Review of J. Scott Coatsworth’s Tales from Tharassas [By J. Comer]

This chapbook is three short stories by Coatsworth, whose SF and fantasy draw heavily on the soft SF of the 1970s and 1980s. Coatsworth is a personal friend and this reviewer read two of the stories in various versions before publication.

Tharassas, the Earthlike planet of these stories and the new novel The Dragon Eater, was settled two lifetimes before the first story, “The Fallen Angel”. It is home to a white racial colony who by this point have nonwhite people among them thanks to the “angels”, the slower-than-light star travelers who find mates and families on this planet (and others). The colony lives off a crop of “hencha”,  a plant with intelligence of its own.  Narratives of winter storms remind the reader of life in Arizona and California, where Coatsworth lives now. The nonwhite “differs” leave the racist community and found a new society in the wilderness, the “ce’faine”.  (Notably, Coatsworth pays careful attention to language in this book, though there isn’t a fully developed conlang here. The names with apostrophes recall Anne McCaffrey’s Pern).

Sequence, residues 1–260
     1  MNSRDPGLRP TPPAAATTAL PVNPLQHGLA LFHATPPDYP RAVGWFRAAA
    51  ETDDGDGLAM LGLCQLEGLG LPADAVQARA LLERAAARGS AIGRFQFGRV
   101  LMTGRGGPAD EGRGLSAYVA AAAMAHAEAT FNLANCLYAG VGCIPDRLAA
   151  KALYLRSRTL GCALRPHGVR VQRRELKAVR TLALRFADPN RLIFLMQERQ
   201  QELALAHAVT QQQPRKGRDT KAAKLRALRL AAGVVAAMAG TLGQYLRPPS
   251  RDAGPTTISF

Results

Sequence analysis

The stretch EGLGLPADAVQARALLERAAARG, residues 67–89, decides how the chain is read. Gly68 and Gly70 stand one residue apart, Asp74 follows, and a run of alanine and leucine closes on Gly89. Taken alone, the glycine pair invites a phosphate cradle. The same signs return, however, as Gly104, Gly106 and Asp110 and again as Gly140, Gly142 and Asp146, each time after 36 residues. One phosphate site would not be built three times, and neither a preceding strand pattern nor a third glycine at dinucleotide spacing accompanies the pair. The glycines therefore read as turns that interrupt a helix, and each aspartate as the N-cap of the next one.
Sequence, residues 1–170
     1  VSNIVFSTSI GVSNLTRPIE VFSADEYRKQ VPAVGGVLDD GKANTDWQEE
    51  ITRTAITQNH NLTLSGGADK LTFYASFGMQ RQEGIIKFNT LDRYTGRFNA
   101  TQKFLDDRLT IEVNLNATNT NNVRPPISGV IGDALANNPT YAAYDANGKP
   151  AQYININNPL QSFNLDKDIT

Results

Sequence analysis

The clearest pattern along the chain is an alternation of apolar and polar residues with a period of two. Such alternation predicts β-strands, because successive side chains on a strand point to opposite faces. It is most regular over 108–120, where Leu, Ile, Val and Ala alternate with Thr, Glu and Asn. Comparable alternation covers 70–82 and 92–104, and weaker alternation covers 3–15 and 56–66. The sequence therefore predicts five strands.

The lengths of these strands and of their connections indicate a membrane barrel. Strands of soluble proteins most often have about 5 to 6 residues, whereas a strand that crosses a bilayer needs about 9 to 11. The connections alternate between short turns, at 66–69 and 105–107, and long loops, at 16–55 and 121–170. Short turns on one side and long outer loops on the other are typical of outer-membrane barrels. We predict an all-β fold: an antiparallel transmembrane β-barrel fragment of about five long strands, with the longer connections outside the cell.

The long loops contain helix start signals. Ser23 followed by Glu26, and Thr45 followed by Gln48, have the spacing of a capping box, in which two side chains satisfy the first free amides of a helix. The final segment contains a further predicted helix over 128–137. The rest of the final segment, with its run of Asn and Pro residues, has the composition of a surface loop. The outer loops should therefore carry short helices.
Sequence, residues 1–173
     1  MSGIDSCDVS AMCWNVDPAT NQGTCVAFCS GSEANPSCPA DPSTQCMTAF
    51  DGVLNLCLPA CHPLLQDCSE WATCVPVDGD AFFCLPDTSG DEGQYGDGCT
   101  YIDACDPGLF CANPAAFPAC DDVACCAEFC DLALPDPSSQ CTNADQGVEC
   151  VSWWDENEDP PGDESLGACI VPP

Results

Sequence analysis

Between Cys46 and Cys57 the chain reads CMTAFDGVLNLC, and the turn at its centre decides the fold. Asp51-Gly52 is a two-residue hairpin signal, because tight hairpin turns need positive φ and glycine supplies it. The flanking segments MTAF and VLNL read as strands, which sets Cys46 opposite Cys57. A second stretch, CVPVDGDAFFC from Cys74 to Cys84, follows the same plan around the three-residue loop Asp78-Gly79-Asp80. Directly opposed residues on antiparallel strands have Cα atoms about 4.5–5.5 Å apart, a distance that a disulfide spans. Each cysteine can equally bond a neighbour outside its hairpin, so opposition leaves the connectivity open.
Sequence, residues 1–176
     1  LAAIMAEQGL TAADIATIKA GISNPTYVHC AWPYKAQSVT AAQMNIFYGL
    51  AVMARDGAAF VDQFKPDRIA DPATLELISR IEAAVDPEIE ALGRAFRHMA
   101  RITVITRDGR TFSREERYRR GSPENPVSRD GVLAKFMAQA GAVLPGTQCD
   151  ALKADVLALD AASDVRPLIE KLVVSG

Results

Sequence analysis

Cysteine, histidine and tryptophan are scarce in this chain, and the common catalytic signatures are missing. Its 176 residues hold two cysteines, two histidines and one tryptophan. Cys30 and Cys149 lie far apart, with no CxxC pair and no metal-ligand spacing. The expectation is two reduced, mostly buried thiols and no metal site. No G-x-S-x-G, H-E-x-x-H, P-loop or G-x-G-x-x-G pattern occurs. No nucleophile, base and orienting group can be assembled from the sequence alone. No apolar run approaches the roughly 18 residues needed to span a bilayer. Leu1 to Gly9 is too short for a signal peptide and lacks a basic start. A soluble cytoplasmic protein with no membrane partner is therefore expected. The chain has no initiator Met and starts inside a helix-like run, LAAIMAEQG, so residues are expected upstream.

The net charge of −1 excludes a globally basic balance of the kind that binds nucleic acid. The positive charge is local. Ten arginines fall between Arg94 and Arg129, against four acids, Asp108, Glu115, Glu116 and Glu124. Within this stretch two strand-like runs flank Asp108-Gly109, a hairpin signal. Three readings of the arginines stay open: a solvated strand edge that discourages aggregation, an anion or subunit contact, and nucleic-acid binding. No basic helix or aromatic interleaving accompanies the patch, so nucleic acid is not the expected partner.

The second story, “The Last Run”, brings another “angel”, Sera, to Tharassa, on the last starship that Earth will ever send. Sera’s wife dies en route and the starship crashes, leaving her to deal with a  colony’s virulent racism and her newfound attraction for local gal Jas’Aya, who harvests hencha amidst the failing technology of the colony world, and can communicate with the alien plants. The bond between the farmgirl, the stranger, and the plants resolves the story.

The last tale is one which Coatsworth has edited several times in different versions.  In the current iteration, “The Emp Test”, a young ‘Steader’ is injured and convalesces in the hands of an enemy tribesman, who is sworn to silence. The imagery of grasslands and mountains again recalls the American Southwest, Coatsworth’s home, and this setting seems very real. The ubiquitous hencha figures in this story as well, as does the psychic ‘emp’, a creature which creates a mindlink.  This story is more a romance than the other two are.

Tales from Tharassas is a light introduction to Coatsworth’s fiction and will appeal to fans of McCaffrey, Lois McMaster Bujold and James Cambias.  Coatsworth’s attention to real science and his commitment to causes of equality and justice are evident here as throughout his work.  Recommended.


3 responses to “Review of J. Scott Coatsworth’s Tales from Tharassas [By J. Comer]

  1. Pingback: Sensor Sweep: BasedCon, Battle Knives, Gardner Fox, Manly Wade Wellman –

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